After Tooth Removal

Please read and follow these instructions carefully. The after-effects of oral surgery vary per individual, so not all of these instructions may apply. Please feel free to call our office anytime should you have any questions, or are experiencing any unusual symptoms following your treatment.

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Denville Oral and Maxillofacial Surgeons
Changing Faces, Changing Lives
Facial Reconstruction and Facial Cosmetic Procedures

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Patients who have received a general anesthetic should return home from the office immediately upon discharge, and lie down with the head elevated until all of the effects of the anesthetic have disappeared. Anesthetic effects vary by individual and you may feel drowsy for a short period of time or for several hours. You should not operate any mechanical equipment or drive a motor vehicle for at least 12 hours or longer if you feel any residual effect from the anesthetic.

Do not drive, use appliances or equipment that could be dangerous, such as power tools, stove, burners, lawn mowers, and garbage disposals.

Walk slowly and take your time. Sudden changes of position can cause dizziness.

Do not make any important decisions. You may change your mind tomorrow.

Do not drink any alcoholic beverages. The drugs in your body may cause a dangerous reaction to alcohol.

If you feel nauseated or sick to your stomach, drink clear liquids  (water, 7-Up, broth, apple juice, ginger ale). If these liquids do not make you sick to your stomach, try eating soft foods like potatoes, rice, applesauce, pasta and oatmeal.

Avoid strenuous activity for a minimum of one week.


Do not disturb the surgical site. Continue to bite down gently but firmly on the gauze pack that we have initially placed over the surgical area, making sure that they remain in place. You may remove the gauze once you return home from our office. Do not replace them unless bleeding is not being controlled. It is important to allow blood clot formation of the surgery site. DO NOT drink with a straw, smoke cigarettes or suck on hard candies for a minimum of three days. This can rupture the blood clot, which can be detrimental to the healing process. DO NOT rinse or spit for 24 hours. DO NOT rinse or brush your teeth vigorously or probe the area with the tongue, any objects or your fingers. You may brush your teeth gently avoiding the surgical site.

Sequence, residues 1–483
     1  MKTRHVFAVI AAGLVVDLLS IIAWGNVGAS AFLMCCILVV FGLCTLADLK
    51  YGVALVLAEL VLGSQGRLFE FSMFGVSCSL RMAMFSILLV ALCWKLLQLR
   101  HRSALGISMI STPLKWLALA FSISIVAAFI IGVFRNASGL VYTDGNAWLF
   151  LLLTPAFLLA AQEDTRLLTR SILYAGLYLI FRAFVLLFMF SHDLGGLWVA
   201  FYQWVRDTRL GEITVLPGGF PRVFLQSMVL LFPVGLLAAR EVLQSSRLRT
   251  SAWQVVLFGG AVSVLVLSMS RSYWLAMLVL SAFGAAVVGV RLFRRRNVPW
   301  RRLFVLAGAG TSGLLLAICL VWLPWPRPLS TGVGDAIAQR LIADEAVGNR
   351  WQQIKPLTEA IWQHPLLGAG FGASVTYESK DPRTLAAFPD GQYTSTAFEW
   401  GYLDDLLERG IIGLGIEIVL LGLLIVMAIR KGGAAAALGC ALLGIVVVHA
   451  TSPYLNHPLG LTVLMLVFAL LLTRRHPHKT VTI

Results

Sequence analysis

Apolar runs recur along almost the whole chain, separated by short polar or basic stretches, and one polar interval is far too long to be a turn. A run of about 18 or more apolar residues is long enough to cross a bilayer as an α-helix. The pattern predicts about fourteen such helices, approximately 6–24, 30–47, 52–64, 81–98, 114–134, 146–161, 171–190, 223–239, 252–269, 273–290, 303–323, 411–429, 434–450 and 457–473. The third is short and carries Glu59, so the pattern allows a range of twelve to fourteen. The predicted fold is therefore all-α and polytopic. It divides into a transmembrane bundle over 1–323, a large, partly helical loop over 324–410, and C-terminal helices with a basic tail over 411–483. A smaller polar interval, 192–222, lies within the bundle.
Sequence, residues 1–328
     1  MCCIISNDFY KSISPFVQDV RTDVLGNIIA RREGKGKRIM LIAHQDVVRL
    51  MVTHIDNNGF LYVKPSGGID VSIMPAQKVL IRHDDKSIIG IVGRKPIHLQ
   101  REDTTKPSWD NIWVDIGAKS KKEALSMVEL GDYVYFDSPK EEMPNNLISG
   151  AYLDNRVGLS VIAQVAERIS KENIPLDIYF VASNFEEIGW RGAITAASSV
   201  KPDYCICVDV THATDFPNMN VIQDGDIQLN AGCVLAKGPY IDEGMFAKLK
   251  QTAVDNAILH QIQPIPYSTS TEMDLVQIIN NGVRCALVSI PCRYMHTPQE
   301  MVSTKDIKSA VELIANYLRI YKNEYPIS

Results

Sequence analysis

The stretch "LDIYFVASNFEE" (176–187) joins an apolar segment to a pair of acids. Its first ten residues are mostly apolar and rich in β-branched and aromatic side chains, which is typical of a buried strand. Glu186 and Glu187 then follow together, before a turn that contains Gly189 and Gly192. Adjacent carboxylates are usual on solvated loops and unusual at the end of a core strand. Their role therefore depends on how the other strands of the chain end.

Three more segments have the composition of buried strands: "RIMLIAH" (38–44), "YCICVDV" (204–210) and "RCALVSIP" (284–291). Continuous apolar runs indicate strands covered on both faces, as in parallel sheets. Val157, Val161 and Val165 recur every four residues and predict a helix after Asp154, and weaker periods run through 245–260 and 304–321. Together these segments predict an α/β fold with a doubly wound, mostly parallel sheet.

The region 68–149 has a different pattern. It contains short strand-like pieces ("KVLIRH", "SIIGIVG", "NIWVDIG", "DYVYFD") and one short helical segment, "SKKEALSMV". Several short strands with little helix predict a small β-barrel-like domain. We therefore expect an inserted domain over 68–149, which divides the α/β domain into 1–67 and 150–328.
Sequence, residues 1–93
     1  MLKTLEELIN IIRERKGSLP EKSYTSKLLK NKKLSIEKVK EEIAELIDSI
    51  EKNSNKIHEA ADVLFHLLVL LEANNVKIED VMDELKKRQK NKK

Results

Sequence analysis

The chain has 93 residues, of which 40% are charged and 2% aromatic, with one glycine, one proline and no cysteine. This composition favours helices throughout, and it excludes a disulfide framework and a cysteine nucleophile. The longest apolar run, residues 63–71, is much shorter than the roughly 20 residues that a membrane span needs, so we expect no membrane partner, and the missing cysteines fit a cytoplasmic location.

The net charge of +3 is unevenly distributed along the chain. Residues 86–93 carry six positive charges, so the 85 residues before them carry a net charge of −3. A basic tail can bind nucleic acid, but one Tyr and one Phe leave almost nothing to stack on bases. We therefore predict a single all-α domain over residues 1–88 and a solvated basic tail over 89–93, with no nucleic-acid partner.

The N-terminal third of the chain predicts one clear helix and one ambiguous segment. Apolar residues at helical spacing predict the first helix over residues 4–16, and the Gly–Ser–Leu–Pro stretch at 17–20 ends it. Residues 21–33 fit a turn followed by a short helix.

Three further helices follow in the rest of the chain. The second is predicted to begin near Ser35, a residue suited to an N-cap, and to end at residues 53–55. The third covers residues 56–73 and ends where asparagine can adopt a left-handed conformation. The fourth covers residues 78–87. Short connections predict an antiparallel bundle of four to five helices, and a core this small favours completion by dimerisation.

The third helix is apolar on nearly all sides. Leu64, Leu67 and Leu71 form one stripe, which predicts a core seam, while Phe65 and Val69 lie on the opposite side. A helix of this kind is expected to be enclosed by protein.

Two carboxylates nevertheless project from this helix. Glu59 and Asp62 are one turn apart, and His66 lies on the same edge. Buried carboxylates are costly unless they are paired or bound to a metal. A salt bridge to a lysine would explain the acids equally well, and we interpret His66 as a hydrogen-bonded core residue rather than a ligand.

Some bleeding, oozing and blood tinged saliva is normal and may be present for 24 hours. When you return home, remove gauze immediately and do not replace unless there is steady bleeding. Gauze should not be left in mouth longer than 30 minutes. If bleeding persists or becomes heavy, substitute a dry tea bag on the area for 20-30 minutes. If there is not a steady flow of blood nothing should be placed in your mouth. If steady bleeding persists, please call our office.


Swelling is to be expected, and usually reaches its maximum in 3-5 days. To minimize swelling, cold packs or ice bags wrapped in a towel should be applied to the face adjacent to the surgical area. This should be applied 20-30 minutes on and then removed for 20-30 minutes during the first 12-24 hours (no ice should be applied if there was infection). If you were prescribed a medication for swelling, be sure to take as directed. Bruising may occur but should disappear soon. Tightness of jaw muscles may cause difficulty in opening the mouth. This should disappear within 7 days. Keep lips moist with cream or Vaseline to prevent cracking or chapping.


It is important to eat as soon as you get home. Drink plenty of fluids to stay hydrated and eat soft foods for the first 2-3 days. Avoid alcohol and caffeine. Avoid foods like nuts, sunflower seeds or popcorn, which may get lodged in the socket areas. Over the next several days, you may progress to more solid foods. Proper nourishment aids in the healing process. If you are a diabetic, maintain your normal diet as much as possible and follow your physicians instructions regarding your insulin schedule.


We advise you to take the pain medication as prescribed, after eating something nourishing. Taking medication with soft food and a large volume of water will lessen any side effects of nausea or upset stomach. If you were prescribed an antibiotic please take to completion unless otherwise informed by our physician. If you do not achieve adequate pain relief, you may supplement each pill with an analgesic such as ibuprofen or acetaminophen.


If you wear orthodontic appliances, replace them immediately after the surgery unless otherwise instructed. If these appliances are left out of the mouth for any length of time it is often difficult or impossible to reinsert them.


The blood clot on the surgical site may be lost causing a dry socket. There will be a noticeable, distinct, persistent pain in the jaw, which may cause other teeth to ache. If you do not see steady improvement during the first few days after surgery, or if severe pain persists, please call our office to report the symptoms.

It is our desire that your recovery be as smooth and pleasant as possible. When our staff calls to check on your progress, if you have any questions or you are experiencing any symptoms, please inform us. After office hours you will be directed to our answering service, which will contact Dr. Cohen.